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Bill Murphy: MMO Puberty

Column By William Murphy on November 11, 2010

Things ain't what they used to be, and I'm okay with that.

The MMORPG genre (if it can even be called that) is quickly approaching its twentieth birthday. It's aging, but until recently, it wasn't really maturing. Maybe it was, in some slowly developing way like that kid you knew in high school who didn't start shaving until the day before graduation and whose voice could have easily been that of a eunuch. But somewhere in the last few years the "puberty" of MMOs has really kicked it into high gear. These games, with every new incarnation, are changing and testing the boundaries of what developers and players alike find engaging and fun. For a long time I believe that we as fans found the industry in something of a stagnation period, and I honestly believe that we're pulling out of that. Maybe it's the optimist in me. Maybe I'm foolish and the games to which I'm referring in this article will crash and burn. I can't possibly know for sure. But I can be hopeful, and I can explain why I think now is the best time to be an MMO gamer.

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The Combat Shift

There's nothing "wrong" with MMO combat as it has always been portrayed. It's serviceable and if done right can be both strategic, fast-paced, and fun. It's not broken. But it has been largely the same since the 1990s, and I'm thankful that in the past few years we've begun to see changes to the ways in which we brutalize our enemies. Combat's finally growing some ba... hair on its face. I'm trying to think about when the trend toward more "action-y" combat began, and I keep coming back to 2008's Age of Conan. I could be forgetting a game that really made an impact before it (Auto Assault doesn't count if only because it died far too soon), but I am fairly certain that AoC was the first game to try something a little different and more twitchy in the combat and get away with it.

Since then we've seen Champions try it's hand at combat with an Xbox 360 controller (still my preferred method of play), and DC Universe Online is coming out with a console-inspired experience that relies heavily on influence from some of offline gaming's best action titles. MMOs with a shooter's heart are popping up everywhere. TERA is promising some of the most skill-based MMORPG action to date. GW2 is going to allow Rangers to shoot arrows through walls of fire to catch their projectiles aflame. Vindictus plays like what would happen if God of War and Diablo had a baby. The list goes on. The primary way in which players interact with the game world is through combat. It's nice to see that so many different takes on this interaction are being tried and tested, even if they don't always pan out.

Immediacy is Key

There was a time when pretty much everything in our MMOGs took at least an hour. Traveling, a quest, looting a corpse (WoW's launch, anyone?). But somewhere at some point developers started to realize that their potential audience was much larger if they started to make games that could be played for either fifteen minutes or hours on end. Some may call it the "casual-ization" of the genre, and I beg to differ. Just because online gaming is becoming more casual in terms of its time requirement does not mean that all the games are becoming easy-mode. Surely, the easing of some games is directly proportionate to the developers' goal of attracting a broader (RE: more profitable) player base, but the truth is and I don't feel out of line saying this: The easier it is for players of any ilk to hop into an MMO the better it's going to be for the industry as a whole in the long run.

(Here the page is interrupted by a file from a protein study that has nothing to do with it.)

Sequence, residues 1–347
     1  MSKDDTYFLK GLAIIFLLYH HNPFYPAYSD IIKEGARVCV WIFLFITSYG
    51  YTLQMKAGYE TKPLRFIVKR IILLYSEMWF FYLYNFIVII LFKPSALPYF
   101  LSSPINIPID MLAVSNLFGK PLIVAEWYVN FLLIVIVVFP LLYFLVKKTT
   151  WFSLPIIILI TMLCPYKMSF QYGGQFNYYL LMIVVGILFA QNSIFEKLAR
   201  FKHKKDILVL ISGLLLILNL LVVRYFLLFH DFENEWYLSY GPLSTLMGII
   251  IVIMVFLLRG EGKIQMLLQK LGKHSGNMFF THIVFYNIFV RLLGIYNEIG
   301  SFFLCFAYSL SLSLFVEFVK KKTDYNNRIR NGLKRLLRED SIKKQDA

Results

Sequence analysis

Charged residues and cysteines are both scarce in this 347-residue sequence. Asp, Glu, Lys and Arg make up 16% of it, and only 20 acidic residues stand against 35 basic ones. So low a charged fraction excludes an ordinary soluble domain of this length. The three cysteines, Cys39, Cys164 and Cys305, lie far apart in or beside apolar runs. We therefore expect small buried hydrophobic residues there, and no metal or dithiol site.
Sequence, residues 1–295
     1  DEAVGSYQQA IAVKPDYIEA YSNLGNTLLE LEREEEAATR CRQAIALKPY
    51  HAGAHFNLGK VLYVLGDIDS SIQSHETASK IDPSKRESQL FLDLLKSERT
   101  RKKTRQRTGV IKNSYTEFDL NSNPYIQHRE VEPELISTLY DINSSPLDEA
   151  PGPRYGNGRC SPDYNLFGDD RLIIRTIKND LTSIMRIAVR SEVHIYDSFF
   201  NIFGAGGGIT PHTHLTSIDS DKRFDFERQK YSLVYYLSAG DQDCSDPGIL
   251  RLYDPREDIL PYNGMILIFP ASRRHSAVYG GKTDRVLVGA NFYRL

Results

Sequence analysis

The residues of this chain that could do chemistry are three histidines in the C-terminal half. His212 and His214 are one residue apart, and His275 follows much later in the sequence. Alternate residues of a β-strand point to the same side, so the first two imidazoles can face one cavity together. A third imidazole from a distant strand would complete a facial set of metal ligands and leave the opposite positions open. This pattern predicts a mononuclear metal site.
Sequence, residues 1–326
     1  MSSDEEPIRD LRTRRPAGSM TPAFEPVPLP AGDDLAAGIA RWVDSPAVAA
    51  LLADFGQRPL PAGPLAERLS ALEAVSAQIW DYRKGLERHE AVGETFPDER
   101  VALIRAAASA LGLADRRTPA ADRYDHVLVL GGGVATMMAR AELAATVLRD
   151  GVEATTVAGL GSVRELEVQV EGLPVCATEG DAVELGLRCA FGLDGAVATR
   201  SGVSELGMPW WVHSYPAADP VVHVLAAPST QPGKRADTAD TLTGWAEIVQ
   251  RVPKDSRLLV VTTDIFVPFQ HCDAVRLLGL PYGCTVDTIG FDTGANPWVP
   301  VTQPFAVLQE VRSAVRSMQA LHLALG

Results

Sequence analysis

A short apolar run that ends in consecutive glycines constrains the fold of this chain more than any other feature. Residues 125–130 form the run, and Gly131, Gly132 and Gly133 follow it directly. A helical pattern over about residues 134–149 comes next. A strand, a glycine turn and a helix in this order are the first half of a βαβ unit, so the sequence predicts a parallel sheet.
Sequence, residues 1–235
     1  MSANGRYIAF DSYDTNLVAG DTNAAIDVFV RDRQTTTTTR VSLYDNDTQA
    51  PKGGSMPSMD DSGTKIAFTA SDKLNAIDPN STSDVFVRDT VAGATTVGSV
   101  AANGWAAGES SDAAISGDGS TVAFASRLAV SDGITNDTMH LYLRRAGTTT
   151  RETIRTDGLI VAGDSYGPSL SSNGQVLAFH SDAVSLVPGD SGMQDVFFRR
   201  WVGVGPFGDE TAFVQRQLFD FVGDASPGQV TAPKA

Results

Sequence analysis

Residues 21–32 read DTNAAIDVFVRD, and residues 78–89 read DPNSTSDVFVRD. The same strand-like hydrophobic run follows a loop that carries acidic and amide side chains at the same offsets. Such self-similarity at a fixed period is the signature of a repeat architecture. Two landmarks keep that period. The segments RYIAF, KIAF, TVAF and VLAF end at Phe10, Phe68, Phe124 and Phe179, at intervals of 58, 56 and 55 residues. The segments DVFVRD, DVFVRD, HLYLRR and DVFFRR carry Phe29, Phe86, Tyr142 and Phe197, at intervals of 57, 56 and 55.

What's happening is that developers are doing away with the "let's make this just like real life in the middle ages!" mentality. I understand the sadness this causes, because when I did have hour after hour of free time, I loved that playing in Everquest meant absolutely immersing myself in the world. I believe that the types of games which offer this sort of experience will never truly become extinct, and I also believe that the best games will offer a way for those players who prefer to take the longer route to enjoyment to do so while still letting the time-limited player hop in and out at will. Dungeons can and will still be travelled to, while others will portal themselves inside. Flight and other travel options will be available, but the worlds themselves will still be grandiose and filled with places to delve into.

With the growth of the genre, there will be a game for everyone. Which brings me to my final point.

All the Colors of the Rainbow

There's a growing mentality that MMORPG or MMO or MMOG should pretty much mean one type of game. But that's just not the way I see it. MMORPG started out as a very niche sort of acronym. Thankfully, with the success of its earliest games to the more recent chart toppers, the MMORPG has grown into a genre that encapsulates too many different types of games. From the free to the subscription based. From fantasy to science fiction. From strategy to first-person shooter. From casual to hardcore. And everywhere in between. We can debate for hours on what should or should not be included on our site, but in reality we don't have any real control over it beyond the technical. Because whether we like it or not the MMORPG is becoming something bigger than just the games of old.

Sure it's a little bit scary, like our kid's growing up and we're realizing that we can't coddle it forever. But it's exciting as hell too. I won't dare say I truly know where this industry is heading, but seeing as just how much it's changing, I will say that we're probably in for one wild ride. And if you can let go and just enjoy it? Well, then you just might be surprised with some of the games around the corner.

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